One source of input on this topic has come from the friend I mention frequently. Although I’m not sure I’ve put this exact question to him, the response has typically been that too much could be lost among the details and that one shouldn’t necessarily compromise what’s in the heart for the sake of the ritual itself. In theory, I’d agree with this. It’s a little more bhakti-centric than I was hoping for and than I am inclined to accept entirely, but the meat of that answer is something good for chewing.
To gain additional perspective, I took this question to a closed Facebook group I belong to for LGBT Hindus. Initially, some seemed puzzled by my question. This is almost certainly my fault, as I tried to keep the wording to a minimum for the sake of brevity. Some answers received were quite general and along the lines of, “Whatever your tradition allows is fine.” Yep. That’s true. No argument there. Additional sentiment received was similarly bhakti-centered, “You can worship any form of God through any form of God, as long as your heart is in it.” Fine. Fair enough. Again, I don’t disagree.
Still, I’m looking for something more substantial than heart-felt emotion. Something more calculated – like Hinduism itself. After all, the very religion we Hindus adhere to isn’t exactly a religion of the heart. I mean, sure, it is. But to say Hinduism is a religion of the heart would be an incredible disservice. Anywhere one looks within Hinduism, we see structure and knowledge. THIS is the house we Hindus live in. Everything, literally everything, is precise. The Sanskrit language we speak and chant in, mudras, yantras, mantras, and yes, the very shape of our temples and murtis are all exactly and precisely and concretely revealed and formulated. The rishis didn’t “feel” or “love” Sanskrit mantras into being. Mantras have a scientific and verifiable connection to the universe. The rishis transcended emotion and tapped into these deep, real, and concrete mysteries and just as systematically provided them to us. I digress?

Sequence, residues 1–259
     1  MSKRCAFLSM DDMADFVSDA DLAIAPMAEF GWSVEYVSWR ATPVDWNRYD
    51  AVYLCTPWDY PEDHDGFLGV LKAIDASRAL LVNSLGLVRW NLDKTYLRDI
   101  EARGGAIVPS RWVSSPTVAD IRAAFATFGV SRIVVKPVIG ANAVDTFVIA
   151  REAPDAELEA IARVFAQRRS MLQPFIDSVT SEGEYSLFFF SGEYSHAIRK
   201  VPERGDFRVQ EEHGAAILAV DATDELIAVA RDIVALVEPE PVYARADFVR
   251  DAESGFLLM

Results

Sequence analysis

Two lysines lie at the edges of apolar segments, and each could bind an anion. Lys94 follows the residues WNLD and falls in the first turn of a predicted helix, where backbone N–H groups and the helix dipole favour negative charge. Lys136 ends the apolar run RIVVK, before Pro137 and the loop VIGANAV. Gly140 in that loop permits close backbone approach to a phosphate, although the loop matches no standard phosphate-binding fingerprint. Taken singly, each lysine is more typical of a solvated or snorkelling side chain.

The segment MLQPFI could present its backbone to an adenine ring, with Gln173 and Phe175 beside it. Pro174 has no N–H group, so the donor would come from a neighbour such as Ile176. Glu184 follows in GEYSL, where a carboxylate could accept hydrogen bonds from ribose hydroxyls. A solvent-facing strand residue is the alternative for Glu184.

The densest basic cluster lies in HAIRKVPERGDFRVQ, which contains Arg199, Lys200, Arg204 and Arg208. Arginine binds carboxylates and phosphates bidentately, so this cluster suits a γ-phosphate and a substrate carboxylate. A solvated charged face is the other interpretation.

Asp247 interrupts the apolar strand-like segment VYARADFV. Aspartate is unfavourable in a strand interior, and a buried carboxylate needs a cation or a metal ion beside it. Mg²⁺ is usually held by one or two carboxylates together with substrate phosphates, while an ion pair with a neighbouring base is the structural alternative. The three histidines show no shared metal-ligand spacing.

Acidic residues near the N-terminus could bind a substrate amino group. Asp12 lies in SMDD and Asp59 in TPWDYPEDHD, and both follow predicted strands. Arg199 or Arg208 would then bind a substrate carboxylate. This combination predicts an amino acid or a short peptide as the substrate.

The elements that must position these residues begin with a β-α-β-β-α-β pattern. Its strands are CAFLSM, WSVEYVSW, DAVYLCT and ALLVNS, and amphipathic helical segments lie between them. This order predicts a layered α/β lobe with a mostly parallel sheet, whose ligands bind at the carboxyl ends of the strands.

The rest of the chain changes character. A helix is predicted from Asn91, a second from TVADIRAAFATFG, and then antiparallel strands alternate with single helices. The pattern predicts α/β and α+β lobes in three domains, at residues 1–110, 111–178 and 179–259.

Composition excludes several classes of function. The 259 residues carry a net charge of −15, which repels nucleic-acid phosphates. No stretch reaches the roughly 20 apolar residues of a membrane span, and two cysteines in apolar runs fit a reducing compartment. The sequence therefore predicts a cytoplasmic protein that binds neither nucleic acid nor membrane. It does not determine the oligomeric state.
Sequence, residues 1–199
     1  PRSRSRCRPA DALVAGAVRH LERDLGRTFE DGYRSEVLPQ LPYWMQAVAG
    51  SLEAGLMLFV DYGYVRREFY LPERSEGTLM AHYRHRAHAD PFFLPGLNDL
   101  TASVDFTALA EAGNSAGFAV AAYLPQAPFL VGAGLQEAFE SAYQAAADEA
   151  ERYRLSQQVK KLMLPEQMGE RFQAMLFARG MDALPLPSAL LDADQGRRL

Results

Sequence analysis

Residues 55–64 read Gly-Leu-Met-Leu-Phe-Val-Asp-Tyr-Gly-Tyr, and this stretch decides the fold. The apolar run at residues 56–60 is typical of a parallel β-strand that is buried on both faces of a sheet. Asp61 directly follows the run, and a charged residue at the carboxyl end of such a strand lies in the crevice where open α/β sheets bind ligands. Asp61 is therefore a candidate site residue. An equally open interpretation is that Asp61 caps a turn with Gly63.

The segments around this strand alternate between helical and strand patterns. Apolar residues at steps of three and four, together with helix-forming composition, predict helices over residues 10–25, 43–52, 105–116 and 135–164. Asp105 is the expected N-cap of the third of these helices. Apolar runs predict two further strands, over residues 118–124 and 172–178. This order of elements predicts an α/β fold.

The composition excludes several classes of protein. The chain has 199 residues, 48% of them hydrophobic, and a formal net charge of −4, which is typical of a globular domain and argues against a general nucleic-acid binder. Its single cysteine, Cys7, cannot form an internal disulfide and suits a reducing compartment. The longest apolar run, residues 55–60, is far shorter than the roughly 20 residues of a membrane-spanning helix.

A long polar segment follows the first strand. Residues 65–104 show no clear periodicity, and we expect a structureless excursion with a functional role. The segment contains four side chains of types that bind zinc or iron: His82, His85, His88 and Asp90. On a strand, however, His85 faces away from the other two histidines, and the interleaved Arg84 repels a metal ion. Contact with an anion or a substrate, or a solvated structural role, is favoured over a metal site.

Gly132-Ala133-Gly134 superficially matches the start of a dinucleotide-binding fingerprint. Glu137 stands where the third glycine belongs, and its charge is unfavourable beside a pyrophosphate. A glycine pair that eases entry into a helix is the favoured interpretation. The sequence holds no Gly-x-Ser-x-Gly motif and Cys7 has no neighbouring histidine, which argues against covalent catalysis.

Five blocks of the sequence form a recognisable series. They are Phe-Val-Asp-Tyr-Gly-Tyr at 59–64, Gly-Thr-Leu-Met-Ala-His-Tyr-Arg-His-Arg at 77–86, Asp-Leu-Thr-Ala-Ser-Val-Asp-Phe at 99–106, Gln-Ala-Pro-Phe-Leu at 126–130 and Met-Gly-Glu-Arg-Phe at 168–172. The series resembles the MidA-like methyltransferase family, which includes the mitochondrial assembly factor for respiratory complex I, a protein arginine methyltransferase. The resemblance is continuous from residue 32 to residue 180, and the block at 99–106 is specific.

So what if we were to ignore the structure provided for us by our beloved rishis? Would that mean Ganesha puja performed with a Hanuman yantra or a murti of Brahma is negated? If it doesn’t mean that, then what is the exact value of the effort (aka those very yantras, mantras, and murtis) of those rishis thousands of years ago and what does that mean for the current and future face of Hinduism? Could there be detrimental effects of this kind of mish-mashing? There are certainly tales of malevolent effects of misused, or even just mispronounced, mantras – even including spinal paralysis!
If I can say this without sounding condescending, I think the group I posted this question in isn’t used to questions that force one to go so deep into the value of things. In fact, 99% of the entre response thread that resulted was contributed by a Kraishnav who spent two-thirds of his entire effort in the conversation simply trying to convert me to his sect, saying that I should not only read the Gita “AS It Is,” but that my question is bogus and all worship of the so-called demi-gods goes to Krishna anyway. I really wanted to spit.
At any rate, a concrete and educated answer from other sects remains elusive and my hope for a substantial dialogue with others to deeply discuss this remains unfulfilled. Maybe I’ll try again later.
Om Shri Mahaganeshaya Namaha